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Thursday, December 13, 2012



The five old pickups parked outside, announced to the world it was Wednesday.

All totaled, the 5 men sitting around the table in the back of the Alpine Tavern, could boast a meager 16 original teeth. The closer examination which no dentist would volunteer to make, would prove that 9 of those gnarled, worn and badly stained teeth were hanging on by a thread.

Small clumps of mud gave proof that most of them had either forgotten or outgrown their Mother’s admonishments to, “Wipe your feet!”  A small, but ever growing mountain of empty beer cans rested at each of their feet. Tradition held that at the end of the afternoon, each would count the number of his empties, and pay their combined tab accordingly. Were there any surveillance coverage, it would clearly show how each quietly ‘toed’ a couple of his empties toward the stack of his neighbor.

There’s a lot to be said about the traditions which bind communities together.

The conversation today centered around the elaborate holiday decorations Derby Brown had assembled on the north side of his barn. Little attention was placed on the fact that it was  actually  the south side of the barn that faced the house and the highway.

Never the vocal center-post, Al Taylor had assumed his usual slump-snooze position in the straight back chair. The weekly meeting had moved from the bar stools to the table, late last year, when the commotion of Al falling off his stool had become a distraction to the folks playing pool.  A great deal of debate and brainstorming had preceded the move away from the bar. The virtues of duct tape, bungee cords, football helmets and cattle prods, all employed to help Al stay aboard his stool had all been explored, before the move took place.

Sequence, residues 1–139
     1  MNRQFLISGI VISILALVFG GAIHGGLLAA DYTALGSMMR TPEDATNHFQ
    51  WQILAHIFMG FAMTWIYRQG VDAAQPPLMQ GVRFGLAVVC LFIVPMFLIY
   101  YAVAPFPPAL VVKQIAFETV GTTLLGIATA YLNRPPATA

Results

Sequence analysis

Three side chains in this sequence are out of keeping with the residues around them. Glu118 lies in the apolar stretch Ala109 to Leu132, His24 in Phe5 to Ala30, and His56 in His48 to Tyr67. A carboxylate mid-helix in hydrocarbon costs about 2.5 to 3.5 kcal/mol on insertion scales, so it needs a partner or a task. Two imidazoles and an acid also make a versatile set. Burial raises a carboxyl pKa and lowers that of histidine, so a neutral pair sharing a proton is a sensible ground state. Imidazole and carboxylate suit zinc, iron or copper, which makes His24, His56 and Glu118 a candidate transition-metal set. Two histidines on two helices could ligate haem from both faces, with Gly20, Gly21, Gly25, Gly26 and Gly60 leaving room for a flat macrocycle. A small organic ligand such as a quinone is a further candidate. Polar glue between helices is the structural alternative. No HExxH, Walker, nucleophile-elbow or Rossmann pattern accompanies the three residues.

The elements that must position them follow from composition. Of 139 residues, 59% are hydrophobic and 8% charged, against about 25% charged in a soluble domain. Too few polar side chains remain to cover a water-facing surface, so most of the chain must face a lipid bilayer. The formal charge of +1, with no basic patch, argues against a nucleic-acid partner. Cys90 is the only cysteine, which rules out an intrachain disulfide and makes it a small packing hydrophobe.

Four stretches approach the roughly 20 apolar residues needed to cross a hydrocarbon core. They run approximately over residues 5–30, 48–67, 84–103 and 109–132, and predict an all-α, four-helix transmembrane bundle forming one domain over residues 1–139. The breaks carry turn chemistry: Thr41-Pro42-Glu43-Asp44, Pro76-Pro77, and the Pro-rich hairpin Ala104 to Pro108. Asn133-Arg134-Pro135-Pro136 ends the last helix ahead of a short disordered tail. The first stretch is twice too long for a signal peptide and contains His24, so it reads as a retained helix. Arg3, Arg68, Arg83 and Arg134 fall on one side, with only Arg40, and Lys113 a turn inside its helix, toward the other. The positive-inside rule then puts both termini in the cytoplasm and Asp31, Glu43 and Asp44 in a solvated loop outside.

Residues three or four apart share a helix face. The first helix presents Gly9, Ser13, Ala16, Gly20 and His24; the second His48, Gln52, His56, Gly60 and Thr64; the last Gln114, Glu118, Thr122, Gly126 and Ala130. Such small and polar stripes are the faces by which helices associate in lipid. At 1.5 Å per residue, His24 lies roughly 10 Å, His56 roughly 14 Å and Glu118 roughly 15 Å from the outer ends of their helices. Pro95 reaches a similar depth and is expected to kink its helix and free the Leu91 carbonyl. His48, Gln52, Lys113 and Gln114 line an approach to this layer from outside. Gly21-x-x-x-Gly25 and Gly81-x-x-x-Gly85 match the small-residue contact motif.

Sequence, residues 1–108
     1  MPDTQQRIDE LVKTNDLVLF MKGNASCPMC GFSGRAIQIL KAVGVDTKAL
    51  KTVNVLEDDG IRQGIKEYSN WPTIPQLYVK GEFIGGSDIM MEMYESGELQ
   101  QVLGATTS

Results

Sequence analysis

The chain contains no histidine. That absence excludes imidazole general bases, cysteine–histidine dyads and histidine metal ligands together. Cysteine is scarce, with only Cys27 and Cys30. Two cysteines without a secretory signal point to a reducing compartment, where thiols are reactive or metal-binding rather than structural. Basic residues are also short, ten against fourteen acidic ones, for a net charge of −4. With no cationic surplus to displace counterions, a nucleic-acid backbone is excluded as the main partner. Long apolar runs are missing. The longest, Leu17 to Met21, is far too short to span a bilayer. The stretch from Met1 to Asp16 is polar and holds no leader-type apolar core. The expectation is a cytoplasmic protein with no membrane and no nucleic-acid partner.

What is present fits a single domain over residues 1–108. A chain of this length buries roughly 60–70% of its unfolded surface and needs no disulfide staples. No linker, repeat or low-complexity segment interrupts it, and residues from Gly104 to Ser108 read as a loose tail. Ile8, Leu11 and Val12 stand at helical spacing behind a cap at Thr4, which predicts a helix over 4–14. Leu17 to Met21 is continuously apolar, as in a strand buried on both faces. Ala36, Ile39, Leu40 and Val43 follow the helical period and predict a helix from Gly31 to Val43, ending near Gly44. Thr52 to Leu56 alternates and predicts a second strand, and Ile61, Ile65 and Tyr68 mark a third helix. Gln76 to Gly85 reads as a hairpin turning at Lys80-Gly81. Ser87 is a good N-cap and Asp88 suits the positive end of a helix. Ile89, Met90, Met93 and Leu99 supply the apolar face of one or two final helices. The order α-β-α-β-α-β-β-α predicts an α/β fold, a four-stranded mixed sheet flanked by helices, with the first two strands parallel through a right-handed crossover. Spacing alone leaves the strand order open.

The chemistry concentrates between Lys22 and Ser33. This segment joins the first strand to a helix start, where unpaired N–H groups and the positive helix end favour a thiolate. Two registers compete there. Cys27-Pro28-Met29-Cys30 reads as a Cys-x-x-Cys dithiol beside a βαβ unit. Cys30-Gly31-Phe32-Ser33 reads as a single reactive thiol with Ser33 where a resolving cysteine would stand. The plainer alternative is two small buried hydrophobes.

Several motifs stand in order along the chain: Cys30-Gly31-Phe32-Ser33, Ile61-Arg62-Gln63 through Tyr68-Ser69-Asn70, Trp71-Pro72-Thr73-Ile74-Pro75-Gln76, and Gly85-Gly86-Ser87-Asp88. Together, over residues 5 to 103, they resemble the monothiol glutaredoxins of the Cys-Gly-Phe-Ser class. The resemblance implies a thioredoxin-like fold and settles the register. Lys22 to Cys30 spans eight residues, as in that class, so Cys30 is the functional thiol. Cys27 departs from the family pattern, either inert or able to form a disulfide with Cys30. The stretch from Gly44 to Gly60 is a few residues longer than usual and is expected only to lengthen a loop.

Two decades of bar-leaning ended that Saturday. Physically, the move amounted to a mere 20 feet. The emotional distance was substantially more. “ I been sittin’ next to Dex for a swoop of damn years, and it don’t seem too damn natural to be a’ seein’ him acrosst of me,” lamented Scooter James. “Sorta puts me off my damn drinkin’ rhythm.”

They all agreed the shock of actually having to see each other, face-to-face, around the table, probably cut the lying by half.

Quincy pulled a battered, strapless wrist watch out of his pocket and squinted hard at the face. “Ain’t no damn light in here. A man can’t even read his damn own watch,” he grumbled. He held the watch up. “Dex, what damn time is it?”

Sitting across the table, Dexter squinted, and said, “Take ‘er back a ways. The light’s bad in here.” Quincy pulled the watch closer to his chest, and Dex announced, “Quarter to four, boys. Ellen’s gonna be on soon, let’s get outta here.”

As one, four men quietly reached down and shifted one of their empties to the snoring Als’ pile.

Dexter gently roused his life-long friend from his slumber. “ Al,” he yelled, “ Wake your tired old ass up. Time we’re out of here.” Revived from his drool-inducing sleep, Al looked down at the ample pile of empties surrounding his chair.  A frown creased his brow and he began to speak.

Always the pillar of soothing diplomacy, Dexter interrupted him, before he could say a word. “Hold your damn horses, Al. It’s the same damn thing, every damn week. You damn-well come in here slurp down enough damn beer to drown a damn stampede of fear crazed mud turtles, then drool your damn way off to sleep. The damn rules don’t change for no damn one. You damn-well drink it, you damn-well pay for it. If you can’t handle it, don’t drink the damn stuff.”

Smooth. Diplomatic. Polished.  Dex was a force of linguistic nature—a calming voice for reason, in a volatile world.

Still frowning, Al pulled a wad of bills out of his pocket, blinked a few times, and tossed  three tens onto the table. “You fellers figure it out, I gotta take me a squirt”

It was Quincy’s turn this week. “Al, you got that twenty I loaned you earlier?”

There’s a lot to be said about the traditions which bind communities together.

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